Texas officials are challenging the legal rights of an “unborn child” in response to a lawsuit from a prison guard, Salia Issa. Issa, who suffered a stillbirth, attributes the tragedy to the prison’s refusal to allow her medical leave during a pregnancy emergency. The state’s stance seems inconsistent with its prior anti-abortion arguments, insisting that unborn children have legal rights.
Issa was seven months pregnant in 2021 when she experienced intense pains while on duty in Abilene’s state prison. Despite her distress, supervisors allegedly accused her of lying and denied her leave. The policy of the Texas Department of Criminal Justice states that guards could face termination if they leave without a replacement. After eventually being relieved, Issa drove herself to a hospital, underwent emergency surgery but tragically had a stillborn baby.
Lawyers defending the state argue that while some statutes recognize unborn children, the Fourteenth Amendment might not. This has sparked criticism from legal experts who see it as Texas attempting to selectively define fetal rights.
U.S. Magistrate Judge Susan Hightower recently recommended allowing parts of the case to move forward, sidestepping the fetal rights debate. She argued that the case could be litigated based on Issa’s due process and equal protection rights, regardless of whether or not her baby is considered a person under the law. The court has yet to make a ruling, but it will be closely watched as similar cases have been filed across the country.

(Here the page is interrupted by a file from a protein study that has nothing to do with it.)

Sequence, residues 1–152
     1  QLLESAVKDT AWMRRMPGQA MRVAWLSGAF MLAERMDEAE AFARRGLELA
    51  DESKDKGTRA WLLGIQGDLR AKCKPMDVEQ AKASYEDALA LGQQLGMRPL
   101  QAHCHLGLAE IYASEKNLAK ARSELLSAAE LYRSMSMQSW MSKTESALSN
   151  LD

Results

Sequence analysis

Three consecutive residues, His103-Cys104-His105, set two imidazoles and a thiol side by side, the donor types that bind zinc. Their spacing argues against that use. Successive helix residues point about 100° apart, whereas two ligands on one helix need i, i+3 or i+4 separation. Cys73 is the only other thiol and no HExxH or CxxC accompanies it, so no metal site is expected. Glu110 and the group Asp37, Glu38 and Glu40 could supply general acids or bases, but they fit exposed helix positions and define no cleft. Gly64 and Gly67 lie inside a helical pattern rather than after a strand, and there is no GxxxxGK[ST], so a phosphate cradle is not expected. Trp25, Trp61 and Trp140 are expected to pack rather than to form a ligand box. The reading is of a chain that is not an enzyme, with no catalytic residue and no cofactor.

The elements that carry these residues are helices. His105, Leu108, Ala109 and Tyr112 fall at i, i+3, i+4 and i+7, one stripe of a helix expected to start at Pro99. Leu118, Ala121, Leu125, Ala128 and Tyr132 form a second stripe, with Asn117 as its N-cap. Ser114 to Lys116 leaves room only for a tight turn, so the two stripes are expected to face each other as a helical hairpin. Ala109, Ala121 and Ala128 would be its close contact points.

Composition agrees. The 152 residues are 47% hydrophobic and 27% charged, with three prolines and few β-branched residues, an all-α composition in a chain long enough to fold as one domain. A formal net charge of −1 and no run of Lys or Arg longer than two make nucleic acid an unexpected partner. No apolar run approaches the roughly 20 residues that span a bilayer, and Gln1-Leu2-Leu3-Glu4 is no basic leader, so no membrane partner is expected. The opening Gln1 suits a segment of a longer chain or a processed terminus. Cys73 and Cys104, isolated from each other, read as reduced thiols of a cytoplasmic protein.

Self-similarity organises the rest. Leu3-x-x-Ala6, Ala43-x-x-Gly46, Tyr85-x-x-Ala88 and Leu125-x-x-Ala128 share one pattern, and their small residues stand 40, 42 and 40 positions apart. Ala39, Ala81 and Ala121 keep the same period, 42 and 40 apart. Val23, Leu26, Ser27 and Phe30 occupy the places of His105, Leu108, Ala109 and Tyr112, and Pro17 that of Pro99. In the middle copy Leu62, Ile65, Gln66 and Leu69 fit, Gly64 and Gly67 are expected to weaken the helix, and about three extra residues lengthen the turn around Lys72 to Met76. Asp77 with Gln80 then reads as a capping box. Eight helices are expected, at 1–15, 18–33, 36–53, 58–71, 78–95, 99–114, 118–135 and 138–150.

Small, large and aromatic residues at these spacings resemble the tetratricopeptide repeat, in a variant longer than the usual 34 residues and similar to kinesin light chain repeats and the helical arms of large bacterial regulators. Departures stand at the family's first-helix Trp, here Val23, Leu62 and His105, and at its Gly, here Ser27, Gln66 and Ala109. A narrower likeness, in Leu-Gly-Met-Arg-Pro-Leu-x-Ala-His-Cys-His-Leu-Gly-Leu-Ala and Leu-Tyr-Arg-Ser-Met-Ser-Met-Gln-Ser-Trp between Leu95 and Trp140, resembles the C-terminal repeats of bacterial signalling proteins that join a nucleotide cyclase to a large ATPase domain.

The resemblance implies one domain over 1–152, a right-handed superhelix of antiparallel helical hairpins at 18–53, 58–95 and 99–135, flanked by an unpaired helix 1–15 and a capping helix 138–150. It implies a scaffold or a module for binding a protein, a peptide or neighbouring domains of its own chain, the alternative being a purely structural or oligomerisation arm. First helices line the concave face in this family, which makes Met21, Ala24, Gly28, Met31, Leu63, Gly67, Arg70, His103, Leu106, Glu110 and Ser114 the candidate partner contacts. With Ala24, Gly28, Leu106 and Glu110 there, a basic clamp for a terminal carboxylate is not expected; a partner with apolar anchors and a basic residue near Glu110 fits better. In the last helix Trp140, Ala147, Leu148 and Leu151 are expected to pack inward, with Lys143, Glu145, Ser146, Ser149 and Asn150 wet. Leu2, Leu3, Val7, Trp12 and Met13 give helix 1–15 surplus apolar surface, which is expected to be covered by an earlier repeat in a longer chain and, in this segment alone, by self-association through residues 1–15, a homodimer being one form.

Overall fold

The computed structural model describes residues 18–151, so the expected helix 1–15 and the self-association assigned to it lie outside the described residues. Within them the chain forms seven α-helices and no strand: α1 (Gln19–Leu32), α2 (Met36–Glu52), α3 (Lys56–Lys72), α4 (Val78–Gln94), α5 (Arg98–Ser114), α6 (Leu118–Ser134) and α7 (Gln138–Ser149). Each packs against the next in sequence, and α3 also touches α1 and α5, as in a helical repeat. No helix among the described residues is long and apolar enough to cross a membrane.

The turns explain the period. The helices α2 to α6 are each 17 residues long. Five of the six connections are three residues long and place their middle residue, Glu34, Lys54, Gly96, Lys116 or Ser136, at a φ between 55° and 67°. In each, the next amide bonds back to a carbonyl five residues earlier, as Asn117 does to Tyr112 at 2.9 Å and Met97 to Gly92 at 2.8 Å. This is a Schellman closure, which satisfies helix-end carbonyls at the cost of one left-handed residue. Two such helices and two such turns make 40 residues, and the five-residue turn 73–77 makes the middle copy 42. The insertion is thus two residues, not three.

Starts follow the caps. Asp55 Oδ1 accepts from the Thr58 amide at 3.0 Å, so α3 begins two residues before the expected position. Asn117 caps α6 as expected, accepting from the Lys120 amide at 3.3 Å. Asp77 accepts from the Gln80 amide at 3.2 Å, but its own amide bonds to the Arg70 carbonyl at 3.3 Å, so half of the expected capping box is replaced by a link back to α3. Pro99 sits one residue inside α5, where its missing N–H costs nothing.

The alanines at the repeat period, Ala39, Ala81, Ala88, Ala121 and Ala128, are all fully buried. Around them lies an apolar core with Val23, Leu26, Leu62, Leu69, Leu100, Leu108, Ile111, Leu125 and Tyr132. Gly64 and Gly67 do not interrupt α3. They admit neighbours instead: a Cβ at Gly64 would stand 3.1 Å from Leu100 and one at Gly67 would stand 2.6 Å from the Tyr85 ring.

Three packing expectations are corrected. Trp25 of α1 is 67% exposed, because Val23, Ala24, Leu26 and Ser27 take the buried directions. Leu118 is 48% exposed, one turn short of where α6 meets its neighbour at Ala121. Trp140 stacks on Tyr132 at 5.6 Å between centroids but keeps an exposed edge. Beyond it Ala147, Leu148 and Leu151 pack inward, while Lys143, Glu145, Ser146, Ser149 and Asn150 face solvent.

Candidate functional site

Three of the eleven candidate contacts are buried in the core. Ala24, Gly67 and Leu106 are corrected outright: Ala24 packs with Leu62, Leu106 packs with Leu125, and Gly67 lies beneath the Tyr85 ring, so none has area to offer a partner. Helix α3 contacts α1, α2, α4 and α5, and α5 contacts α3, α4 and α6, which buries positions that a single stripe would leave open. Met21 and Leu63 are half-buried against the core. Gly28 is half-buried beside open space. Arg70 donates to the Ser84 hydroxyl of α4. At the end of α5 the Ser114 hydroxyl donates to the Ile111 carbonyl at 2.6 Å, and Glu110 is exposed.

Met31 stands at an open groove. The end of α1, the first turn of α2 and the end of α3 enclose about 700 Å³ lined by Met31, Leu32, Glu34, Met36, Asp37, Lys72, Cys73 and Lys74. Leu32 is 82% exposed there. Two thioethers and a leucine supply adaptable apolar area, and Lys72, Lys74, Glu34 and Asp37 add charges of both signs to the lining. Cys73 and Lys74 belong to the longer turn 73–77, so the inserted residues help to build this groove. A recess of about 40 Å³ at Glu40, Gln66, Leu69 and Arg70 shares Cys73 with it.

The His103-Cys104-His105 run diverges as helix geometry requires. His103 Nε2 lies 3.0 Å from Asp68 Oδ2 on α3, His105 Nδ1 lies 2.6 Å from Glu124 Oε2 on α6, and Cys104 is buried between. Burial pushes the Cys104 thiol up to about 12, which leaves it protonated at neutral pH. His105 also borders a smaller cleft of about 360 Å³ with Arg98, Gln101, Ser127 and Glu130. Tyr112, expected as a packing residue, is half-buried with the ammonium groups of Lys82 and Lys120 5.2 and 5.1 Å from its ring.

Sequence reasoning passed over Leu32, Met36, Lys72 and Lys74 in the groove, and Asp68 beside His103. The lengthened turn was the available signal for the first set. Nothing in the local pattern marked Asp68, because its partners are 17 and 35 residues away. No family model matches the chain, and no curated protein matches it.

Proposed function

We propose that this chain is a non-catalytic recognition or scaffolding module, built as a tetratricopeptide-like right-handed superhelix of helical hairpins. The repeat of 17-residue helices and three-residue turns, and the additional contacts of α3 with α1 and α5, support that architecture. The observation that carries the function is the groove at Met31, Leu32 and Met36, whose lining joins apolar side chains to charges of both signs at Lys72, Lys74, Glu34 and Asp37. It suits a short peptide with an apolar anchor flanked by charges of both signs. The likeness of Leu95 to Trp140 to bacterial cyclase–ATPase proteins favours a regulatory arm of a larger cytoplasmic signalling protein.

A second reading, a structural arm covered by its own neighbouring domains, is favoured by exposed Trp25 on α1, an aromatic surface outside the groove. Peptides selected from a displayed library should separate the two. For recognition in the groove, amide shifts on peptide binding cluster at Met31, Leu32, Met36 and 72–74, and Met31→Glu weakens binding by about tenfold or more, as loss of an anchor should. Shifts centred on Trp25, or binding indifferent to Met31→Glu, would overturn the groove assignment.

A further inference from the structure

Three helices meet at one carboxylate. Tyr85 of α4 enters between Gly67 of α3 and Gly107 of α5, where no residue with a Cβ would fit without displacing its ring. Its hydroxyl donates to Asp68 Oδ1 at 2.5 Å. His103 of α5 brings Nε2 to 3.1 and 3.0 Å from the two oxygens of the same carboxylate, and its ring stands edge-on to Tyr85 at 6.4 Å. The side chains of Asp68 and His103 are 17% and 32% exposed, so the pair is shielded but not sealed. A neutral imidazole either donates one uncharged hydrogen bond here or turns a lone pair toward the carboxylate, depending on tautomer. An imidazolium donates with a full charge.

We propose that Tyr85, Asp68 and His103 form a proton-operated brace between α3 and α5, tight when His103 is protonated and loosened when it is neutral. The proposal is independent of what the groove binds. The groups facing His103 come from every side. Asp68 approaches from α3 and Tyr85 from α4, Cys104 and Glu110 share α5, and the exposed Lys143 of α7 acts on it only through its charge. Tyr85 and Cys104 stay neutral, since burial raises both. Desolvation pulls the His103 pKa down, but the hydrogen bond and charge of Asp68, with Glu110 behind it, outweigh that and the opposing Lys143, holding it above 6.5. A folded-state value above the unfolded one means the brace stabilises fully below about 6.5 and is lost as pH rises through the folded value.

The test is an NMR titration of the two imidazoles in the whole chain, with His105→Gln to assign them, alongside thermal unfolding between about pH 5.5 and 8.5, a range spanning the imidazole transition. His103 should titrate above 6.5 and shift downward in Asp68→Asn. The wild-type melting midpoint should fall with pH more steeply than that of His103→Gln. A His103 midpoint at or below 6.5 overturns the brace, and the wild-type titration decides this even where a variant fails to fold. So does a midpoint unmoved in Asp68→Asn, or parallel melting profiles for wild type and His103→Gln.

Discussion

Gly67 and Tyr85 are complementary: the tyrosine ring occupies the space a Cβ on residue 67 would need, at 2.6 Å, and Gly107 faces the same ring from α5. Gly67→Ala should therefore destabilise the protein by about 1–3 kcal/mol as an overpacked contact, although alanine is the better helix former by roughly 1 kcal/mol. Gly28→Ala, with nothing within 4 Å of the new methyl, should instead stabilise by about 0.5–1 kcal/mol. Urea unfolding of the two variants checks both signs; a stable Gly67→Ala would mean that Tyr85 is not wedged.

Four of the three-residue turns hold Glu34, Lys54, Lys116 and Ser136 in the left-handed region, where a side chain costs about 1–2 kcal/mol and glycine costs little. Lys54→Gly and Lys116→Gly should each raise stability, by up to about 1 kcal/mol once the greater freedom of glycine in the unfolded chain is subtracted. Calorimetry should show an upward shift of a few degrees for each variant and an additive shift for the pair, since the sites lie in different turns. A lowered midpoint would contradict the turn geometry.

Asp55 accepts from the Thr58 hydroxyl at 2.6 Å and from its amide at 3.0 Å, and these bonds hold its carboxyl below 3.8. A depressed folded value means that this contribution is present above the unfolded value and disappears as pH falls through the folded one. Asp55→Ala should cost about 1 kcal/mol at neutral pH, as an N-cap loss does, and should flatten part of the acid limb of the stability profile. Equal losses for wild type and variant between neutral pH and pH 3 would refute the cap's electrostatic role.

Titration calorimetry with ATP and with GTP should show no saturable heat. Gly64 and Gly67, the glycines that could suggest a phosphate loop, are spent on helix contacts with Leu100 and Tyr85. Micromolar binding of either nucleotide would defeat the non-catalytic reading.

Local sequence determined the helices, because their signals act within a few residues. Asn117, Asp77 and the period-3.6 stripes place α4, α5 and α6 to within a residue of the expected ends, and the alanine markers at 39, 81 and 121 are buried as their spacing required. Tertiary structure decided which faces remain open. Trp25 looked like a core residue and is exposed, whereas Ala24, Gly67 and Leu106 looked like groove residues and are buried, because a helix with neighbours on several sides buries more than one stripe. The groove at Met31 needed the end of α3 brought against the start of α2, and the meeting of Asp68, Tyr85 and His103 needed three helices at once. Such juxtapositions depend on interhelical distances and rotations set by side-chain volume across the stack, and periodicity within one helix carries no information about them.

Issa’s story illustrates how some pregnant women are facing a stark choice between protecting their own health or that of their unborn child. The Texas prison guard lawsuit also highlights the need for legal clarity in defining fetal rights so that pregnant women can make informed decisions about their bodies and the safety of their families.
Until then, Issa’s case remains open as a reminder of the importance of affording people — including unborn children — a measure of dignity and respect.
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